Gaps remain in our understanding of the determinants and consequences of work design overall and non-standard work arrangements (NSWAs) specifically on worker safety, health, and well-being. This poster presents efforts by the Healthy Work Design and Well-being (HWD) Cross-Sector council to identify and address these gaps and advance the HWD National Occupational Research Agenda (NORA). The poster aims to improve awareness of the research gaps identified in the HWD NORA and to expand partnerships that will further advance worker well-being.
The workplace mistreatment literature commonly finds evidence of an array of negative individual and organizational outcomes due to mistreatment incidents (Schilpzand et al., 2016). However, the literature fails to prominently address the occasions in which certain forms of workplace mistreatment may be paradoxically beneficial to the target employee or organization. This poster presents a qualitative review of the workplace mistreatment literature, focused on summarizing findings from empirical studies that either indicate the processes through which workplace mistreatment leads to paradoxically positive outcomes or the circumstances under which they occur. This review highlights this gap in the literature by directly examining which individual, organizational, and other environmental factors qualify the relationships between workplace mistreatment and desirable outcomes.
This study examined the moderating relationships of prosocial personality, extroversion, and emotional labor on prosocial job characteristics (PSJC) and burnout and work-related negative affect. Extroversion moderated the relationship between PSJC and burnout. Contrary to hypotheses, PSJC were associated with negative affect, and low levels of deep acting buffered the relationship. To the authors’ knowledge, this is the first study to consider detrimental outcomes from the job impact framework.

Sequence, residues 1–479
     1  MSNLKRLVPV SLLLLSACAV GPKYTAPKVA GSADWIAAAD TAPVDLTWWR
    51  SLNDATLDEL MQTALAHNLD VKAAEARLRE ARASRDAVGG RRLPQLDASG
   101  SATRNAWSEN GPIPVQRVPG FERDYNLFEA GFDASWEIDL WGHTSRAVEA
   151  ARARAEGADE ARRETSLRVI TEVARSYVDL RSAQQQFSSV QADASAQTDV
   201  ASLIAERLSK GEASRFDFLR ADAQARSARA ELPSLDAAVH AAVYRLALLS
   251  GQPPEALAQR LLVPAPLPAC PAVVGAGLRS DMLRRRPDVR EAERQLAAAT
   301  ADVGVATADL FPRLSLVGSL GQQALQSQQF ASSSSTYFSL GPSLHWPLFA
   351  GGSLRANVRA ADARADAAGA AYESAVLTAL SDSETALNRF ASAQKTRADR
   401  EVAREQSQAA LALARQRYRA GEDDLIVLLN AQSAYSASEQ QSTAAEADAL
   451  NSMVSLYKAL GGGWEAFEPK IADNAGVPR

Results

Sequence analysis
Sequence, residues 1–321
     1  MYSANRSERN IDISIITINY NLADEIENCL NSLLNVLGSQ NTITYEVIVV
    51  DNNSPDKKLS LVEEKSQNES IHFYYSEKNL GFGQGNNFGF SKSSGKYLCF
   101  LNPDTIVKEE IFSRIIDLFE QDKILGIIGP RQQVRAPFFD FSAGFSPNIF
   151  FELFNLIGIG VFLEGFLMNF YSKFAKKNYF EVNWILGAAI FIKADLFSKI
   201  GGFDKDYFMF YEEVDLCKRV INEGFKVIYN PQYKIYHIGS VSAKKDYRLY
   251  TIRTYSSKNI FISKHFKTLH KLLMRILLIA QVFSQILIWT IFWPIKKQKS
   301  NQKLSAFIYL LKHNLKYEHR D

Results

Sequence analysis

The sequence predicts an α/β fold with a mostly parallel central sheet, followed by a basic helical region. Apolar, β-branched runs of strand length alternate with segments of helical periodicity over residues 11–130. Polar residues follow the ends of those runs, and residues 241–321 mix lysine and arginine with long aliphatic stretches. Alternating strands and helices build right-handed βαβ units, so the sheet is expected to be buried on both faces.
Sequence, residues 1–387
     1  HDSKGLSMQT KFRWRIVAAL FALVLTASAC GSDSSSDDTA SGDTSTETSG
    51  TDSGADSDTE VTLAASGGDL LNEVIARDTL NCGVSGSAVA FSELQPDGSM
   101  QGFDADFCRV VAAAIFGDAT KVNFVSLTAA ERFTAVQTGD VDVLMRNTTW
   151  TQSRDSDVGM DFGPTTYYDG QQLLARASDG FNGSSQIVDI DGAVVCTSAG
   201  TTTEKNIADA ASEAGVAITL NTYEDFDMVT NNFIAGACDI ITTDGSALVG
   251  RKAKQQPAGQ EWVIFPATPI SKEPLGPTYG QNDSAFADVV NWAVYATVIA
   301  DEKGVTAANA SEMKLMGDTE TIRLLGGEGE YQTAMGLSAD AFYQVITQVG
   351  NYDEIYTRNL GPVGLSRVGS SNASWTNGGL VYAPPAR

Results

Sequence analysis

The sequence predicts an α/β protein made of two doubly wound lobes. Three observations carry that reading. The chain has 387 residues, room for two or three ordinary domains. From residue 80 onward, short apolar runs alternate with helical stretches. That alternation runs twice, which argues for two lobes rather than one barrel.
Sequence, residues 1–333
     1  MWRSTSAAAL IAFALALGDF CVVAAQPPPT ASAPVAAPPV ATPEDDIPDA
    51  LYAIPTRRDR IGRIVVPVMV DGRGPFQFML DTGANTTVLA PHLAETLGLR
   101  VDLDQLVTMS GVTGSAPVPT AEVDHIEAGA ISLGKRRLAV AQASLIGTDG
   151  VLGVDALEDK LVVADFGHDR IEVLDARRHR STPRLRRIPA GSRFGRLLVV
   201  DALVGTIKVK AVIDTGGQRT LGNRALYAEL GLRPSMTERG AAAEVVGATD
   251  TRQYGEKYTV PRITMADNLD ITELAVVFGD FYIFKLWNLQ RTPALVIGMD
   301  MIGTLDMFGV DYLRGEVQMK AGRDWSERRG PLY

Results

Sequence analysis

This case study explores attitudes and experiences of healthcare workers towards a significant change in workplace facilities and investigates factors that enabled or hindered successful change. We draw on Kotter’s eight step model, as well as presenting empirical evidence, to show that when managed appropriately, significant change in the ways of working for healthcare staff can be successful.
The study employed a prospective, intensive longitudinal design to examine whether 911 telecommunicators who take more dispatched calls have more intense negative emotions from pre to post-shift, as compared to 911 telecommunicators who take fewer dispatched calls. Participants (n = 48 telecommunicators) completed visual analogue scale ratings of negative emotions before and after their shift over one week. A higher-than-usual daily 911 call volume was associated with greater post-shift irritability, when controlling for pre-shift irritability and shift length.
This study explored whether the urge to respond to work-based messages rapidly (i.e., workplace telepressure) is related to different self-reported performance behaviors in addition to employee well-being, and whether low workload alters the effects of workplace telepressure on performance and well-being. The results suggest that workplace telepressure had well-being costs (work fatigue, sleep problems, and poor satisfaction with work-life balance) with mixed benefits to performance. (organizational citizenship only). Telepressure was unrelated to in-role performance behavior, but predicted higher levels of both organizational citizenship behavior and counterproductive work behavior. The effects of workplace telepressure on performance and well-being outcomes did not change based on employee levels of workload, although the links between telepressure and some outcomes (satisfaction with work-life balance and counterproductive work behavior) were nonsignificant when accounting for workload in the predictive model.